Ive a question David because I was concerned about the statement about not feeling an improvement after ten sessions. I have been seeing a therapist since December (significantly more than ten) I find its actually made me very inward looking, like I am constantly wallowing around in my own thoughts which doesnt feel very healthy, Im more distressed and unhappy, although coping mostly. i cannot say that I feel better and sometimes much worse. What I can say though is I do feel that he hears me and that as a "good fit" goes, that he is okay.

    I have a lot of past stuff that we have been resurrecting which I didnt expect to be easy but I have wondered when then turns a corner and starts to feel better.

    This is attachment based therapy and I have attachment disorder .. I am now not certain that I am doing the right thing .. especially as they state "its a minimum of two years in order to build a secure base" ... which I really need but I am also afraid becuase it seems to make me regress quite a lot and again .. Im not sure its healthy.

    anyway would be interested to hear your thoughts

  3. #3
    Join Date
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    Re: How to find the best therapist for you

    I'm not David Molly but I had a thought around this myself.

    In December I started seeing a trauma based therpist which I see once a week. Since I have started seeing her the obsessive "neediness" is gone, in more ways I am fully in the present and in many ways I feel more peaceful.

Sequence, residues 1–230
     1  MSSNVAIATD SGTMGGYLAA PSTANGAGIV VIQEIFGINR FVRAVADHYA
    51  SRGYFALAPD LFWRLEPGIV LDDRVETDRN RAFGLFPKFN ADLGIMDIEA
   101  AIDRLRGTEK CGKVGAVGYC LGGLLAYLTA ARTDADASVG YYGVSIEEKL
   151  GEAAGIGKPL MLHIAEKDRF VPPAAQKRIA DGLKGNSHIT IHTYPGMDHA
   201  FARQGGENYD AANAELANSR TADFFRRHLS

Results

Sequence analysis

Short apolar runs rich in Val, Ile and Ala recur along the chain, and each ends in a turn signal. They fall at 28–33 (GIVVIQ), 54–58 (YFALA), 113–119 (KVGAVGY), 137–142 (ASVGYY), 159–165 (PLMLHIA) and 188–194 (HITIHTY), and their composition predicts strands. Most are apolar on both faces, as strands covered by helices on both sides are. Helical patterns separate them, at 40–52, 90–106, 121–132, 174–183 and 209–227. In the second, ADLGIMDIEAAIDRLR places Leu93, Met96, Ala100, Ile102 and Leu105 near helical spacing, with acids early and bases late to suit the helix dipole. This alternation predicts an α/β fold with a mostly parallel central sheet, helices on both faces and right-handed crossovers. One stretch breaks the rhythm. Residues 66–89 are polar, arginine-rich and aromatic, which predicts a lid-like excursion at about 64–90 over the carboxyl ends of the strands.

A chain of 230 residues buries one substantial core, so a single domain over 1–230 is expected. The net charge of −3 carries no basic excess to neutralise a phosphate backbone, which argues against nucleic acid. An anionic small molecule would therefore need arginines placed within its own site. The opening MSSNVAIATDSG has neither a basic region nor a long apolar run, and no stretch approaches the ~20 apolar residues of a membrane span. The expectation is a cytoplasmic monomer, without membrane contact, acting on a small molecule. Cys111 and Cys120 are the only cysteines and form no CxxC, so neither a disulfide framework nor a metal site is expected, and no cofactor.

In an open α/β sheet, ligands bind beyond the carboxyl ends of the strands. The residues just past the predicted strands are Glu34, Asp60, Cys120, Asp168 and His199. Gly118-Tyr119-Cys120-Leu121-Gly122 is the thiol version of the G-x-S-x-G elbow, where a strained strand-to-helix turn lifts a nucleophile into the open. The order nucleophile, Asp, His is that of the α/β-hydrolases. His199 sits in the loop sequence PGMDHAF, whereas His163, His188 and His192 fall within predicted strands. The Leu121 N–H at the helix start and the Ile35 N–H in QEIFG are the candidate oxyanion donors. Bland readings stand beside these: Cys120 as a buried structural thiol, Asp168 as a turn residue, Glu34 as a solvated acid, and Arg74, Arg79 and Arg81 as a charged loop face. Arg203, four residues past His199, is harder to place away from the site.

But I am more tired, focussing is difficult (reading material) and my memory has changed. I wonder if at times things need to get a bit more difficult because we are talking about difficult stuff, that its ok.

    My for what it's worth.

  4. #4

    Re: How to find the best therapist for you

    I have had 15 sessions there now and a really bad one this evening, I just found myself in some disproportionate rage (I am not an angry or rude person) but I absoluted hated him so much I wanted to hit him .. and why? because he (the therapist) couldnt give me the love that I need. I appreciate that this is what they call "transference" but what scares me is that its not going to help me in the long run .. right now its making me feel pretty screwed up. I dont know where this rage came from that I experienced tonight but something to do with him just not giving me what I need .. all sounds a bit crazy and extreme. I am a perfectly rational person which makes this all the more scary for me

    I dont know .. I just dont know if this is the right therapy (or therapist) for me and I dont want to pull out in case its necessary for me to go through this

  5. #5

    Re: How to find the best therapist for you

    I too am not David but I thought that I would share my thoughts and experiences with you in hopes that you will be able to relate.

    I know that this is going to sound like some bad cliche but I am going to go ahead and say it anyway..... Sometimes you will get worse before you get better. Now before you dismiss it altogether think about it for a minute. You have had 15 sessions with this therapist with whom you are beginning to build a relationship with, starting to talk about your past with, starting to reveal yourself and become vulnerable with. In my opinion, who wouldn't feel worse at the beginning. I know I did and still do at times especially when dealing with difficult topics.